My number one goal as a meteorologist is to provide the most honest, accurate forecasts I can. I work very hard to make sense of the occasionally nonsensical inexact science of weather, so that you can adequately prepare for messy or dangerous conditions.

Having said that... Honestly? I hate this weekend's winter storm with a passion.

Winter storm update as of Friday evening.

I have made two notable changes to the going snow forecast:
1.) Decreased max snowfall slightly.
2.) Pushed snow contours southeast, which lowers totals in NW NJ and pushes more of Ocean and Burlington counties into the appreciable snow zone.

In addition, inland Monmouth County has been added to the Winter Storm Watch, in effect for all or part of 13 NJ counties from Saturday evening through Sunday morning.

Winter Storm Watch from the National Weather Service (blue)

There are a few significant issues preventing meteorologists (not just me!) from compiling a truly confident, coherent forecast for this weekend's winter storm. Rather than regurgitate the latest nitty-gritty of the forecast, I want to talk about why this storm is such a pain in my rear, so you can understand how it may act.

For forecast detail like totals and timeline, refer to the map above and/or my Friday morning weather blog post. (I'll publish another comprehensive forecast article Saturday morning.)

The Coldest Temperatures Stay North

We always knew temperatures would be a problem. If thermometers were to end up 5 degrees colder OR 5 degrees warmer, this forecast would be tremendously easier.

The NAM temperature forecast for Saturday night, showing temperatures hovering on either side of the freezing mark. (College of DuPage Meteorology)

32 degrees. The magical freezing mark. Nowhere on the temperature scale does the difference of a single degree have such a big impact on the weather forecast. Conditions could be drastically different if the temperature is 31, or 32, or 33 degrees.

It's really only safe to say the following: The coldest spot in NJ will be to the northwest, where this storm will probably deliver all snow. The warmest spot in NJ will be along the south coast, where this storm will likely produce mostly rain. Somewhere in the middle, there will be a line between wet and winter. My snowfall forecast map represents my best educated guess of where that line is most likely to end up.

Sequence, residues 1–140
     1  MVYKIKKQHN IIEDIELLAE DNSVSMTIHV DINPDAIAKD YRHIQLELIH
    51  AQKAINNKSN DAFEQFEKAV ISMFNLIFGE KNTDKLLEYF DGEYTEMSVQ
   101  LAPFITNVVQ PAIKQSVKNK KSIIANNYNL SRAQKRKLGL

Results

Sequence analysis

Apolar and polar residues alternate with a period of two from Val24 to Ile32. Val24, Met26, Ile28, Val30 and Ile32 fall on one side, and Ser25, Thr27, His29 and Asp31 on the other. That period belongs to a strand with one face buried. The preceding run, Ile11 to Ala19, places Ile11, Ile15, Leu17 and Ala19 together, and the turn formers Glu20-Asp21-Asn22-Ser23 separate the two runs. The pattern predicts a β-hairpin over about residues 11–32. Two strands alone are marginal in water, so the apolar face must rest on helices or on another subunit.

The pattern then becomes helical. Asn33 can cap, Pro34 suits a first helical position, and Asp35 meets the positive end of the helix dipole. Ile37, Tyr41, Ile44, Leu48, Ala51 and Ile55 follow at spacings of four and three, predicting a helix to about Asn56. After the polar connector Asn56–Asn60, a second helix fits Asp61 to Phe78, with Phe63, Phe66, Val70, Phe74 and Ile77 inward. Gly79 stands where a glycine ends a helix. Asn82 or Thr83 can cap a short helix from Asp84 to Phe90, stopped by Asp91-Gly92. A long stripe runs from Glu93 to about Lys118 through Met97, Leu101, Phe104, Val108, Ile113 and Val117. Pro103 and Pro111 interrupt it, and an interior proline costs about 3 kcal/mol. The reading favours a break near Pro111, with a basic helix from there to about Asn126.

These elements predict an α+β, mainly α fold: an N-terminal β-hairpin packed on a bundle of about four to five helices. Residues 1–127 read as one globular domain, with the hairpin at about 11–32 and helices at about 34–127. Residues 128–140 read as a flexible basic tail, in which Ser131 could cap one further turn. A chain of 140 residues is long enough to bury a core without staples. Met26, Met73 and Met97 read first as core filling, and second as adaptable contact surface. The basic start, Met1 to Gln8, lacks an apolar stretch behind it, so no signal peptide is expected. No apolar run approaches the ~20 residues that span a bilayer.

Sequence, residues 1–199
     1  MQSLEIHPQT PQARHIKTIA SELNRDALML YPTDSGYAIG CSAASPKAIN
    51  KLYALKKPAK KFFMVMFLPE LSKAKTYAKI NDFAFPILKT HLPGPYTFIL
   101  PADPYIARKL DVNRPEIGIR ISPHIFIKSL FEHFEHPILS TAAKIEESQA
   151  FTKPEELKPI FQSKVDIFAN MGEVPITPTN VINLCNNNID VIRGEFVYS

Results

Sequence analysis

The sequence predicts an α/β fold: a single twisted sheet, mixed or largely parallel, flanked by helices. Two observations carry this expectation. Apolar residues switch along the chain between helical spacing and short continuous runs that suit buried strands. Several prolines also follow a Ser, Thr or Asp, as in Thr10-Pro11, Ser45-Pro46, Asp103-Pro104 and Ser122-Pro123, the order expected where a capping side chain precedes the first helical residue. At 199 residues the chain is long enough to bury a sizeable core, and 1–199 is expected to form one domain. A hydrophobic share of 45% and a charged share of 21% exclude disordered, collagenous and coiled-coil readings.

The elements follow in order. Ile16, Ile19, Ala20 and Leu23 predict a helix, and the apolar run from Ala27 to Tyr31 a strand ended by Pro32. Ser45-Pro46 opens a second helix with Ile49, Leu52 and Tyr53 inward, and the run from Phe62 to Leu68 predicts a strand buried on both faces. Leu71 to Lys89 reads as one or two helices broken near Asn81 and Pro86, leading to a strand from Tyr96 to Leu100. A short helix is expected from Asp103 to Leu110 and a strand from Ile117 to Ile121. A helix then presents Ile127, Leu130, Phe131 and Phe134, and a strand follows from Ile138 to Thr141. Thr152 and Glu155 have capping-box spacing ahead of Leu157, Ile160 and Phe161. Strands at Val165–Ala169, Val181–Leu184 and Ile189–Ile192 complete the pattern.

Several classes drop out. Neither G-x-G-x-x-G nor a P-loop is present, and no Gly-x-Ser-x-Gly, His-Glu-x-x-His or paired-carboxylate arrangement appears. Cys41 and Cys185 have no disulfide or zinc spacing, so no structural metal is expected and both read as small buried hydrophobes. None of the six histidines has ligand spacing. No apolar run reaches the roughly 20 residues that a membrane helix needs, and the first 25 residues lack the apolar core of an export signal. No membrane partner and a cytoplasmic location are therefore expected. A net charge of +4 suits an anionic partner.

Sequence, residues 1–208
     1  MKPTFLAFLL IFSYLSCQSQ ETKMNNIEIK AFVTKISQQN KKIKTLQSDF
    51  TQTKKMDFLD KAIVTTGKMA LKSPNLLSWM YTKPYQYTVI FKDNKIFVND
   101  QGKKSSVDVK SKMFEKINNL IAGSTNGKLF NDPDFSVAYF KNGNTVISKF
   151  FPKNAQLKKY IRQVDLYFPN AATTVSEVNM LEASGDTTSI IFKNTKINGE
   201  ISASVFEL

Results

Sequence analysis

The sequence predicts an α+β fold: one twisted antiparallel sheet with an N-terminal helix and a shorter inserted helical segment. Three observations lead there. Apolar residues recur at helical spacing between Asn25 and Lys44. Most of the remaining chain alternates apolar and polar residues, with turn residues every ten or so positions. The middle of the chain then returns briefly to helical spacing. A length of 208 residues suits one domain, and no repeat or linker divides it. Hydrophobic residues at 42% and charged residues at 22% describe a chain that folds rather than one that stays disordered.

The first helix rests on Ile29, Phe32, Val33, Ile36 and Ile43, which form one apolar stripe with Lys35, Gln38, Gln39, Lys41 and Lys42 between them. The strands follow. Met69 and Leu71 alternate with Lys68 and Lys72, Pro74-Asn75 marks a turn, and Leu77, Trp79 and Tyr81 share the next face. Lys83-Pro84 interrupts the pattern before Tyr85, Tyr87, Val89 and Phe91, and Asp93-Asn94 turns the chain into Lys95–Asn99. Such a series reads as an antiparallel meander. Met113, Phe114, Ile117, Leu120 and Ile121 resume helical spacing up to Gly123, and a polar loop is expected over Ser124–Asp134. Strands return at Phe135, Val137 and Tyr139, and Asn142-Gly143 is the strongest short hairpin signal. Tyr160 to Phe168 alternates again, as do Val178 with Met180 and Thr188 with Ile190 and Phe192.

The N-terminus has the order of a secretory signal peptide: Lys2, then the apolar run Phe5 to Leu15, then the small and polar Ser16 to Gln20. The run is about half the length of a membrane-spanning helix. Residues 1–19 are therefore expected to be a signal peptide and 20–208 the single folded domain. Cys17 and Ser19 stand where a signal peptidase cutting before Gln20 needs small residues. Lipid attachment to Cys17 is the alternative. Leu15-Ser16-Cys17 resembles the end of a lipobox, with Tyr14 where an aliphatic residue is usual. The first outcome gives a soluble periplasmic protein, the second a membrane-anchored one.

The Strongest Forcing Remains Off-Shore

Compounding the temperature issue is the fact that the best lift and strongest forcing (i.e. the strongest part of the storm and heaviest bands of precipitation) are expected to stay just east of the Jersey Shore. This is the one element of this forecast that all the models actually agree on!

NAM model precipitation forecast during the height of the storm, 10 p.m. Saturday. Notice the brightest colors (heaviest snow) stays off-shore. (College of DuPage Meteorology)

So the coldest air stays northwest. And the heaviest precipitation stays southeast. They're out of phase — not a recipe for big snow!

However, could there be a sweet spot where cold-enough air and heavy-enough precipitation meet to produce heavy snow? Yes, I think so.

The Bust Potential is High

Model consensus for this storm has been poor all along — heck, it didn't even show up in the forecast until midweek. The latest data shows two possibilities: a heavy hit of snow for interior New Jersey, and (ready for this) hardly anything at all.

The GFS model's piddly snowfall forecast for Saturday night. (College of DuPage Meteorology)

That's right. Even more so than usual, I am worried about a complete bust of this snow forecast. For several runs — I've lost track of just how many — the GFS model has shown a warm solution, with very little snowfall. (No more than an inch or two.) It would be foolish to completely ignore such consistency.

I've tried to remain on the conservative side of snowfall forecasts, for good reason. To be clear, I wouldn't put out a snowy forecast like this if I didn't think it was going to happen. There's just always that nagging voice in my back of my mind, especially loud in borderline, on-the-edge, fringe cases like this setup.

The Bottom Line

In the end, I fully stand by the snowfall forecast I have published here. And I'm reasonably comfortable with it, because I believe there is a 50% chance totals will end up higher and a 50% chance we'll get less snow than expected. (My definition of a "good" forecast.)

Realistically, it doesn't matter how much snow ends up on the ground. Whether you see 0 or 9 inches of snow accumulation, whether it's mostly snow or mostly rain, our weather is going to be really messy from Saturday evening through early Sunday morning. There's the takeaway message from this forecast: Travel is going to be very difficult during the peak of the storm, around 10 p.m. Saturday.

Thanks for reading my analysis/rant. I'll take one more stab at this winter storm's timeline and totals with a fresh, comprehensive weather blog update by 8 a.m. Saturday morning.

Dan Zarrow is Chief Meteorologist for Townsquare Media New Jersey. Follow him on Facebook or Twitter for the latest forecast and realtime weather updates.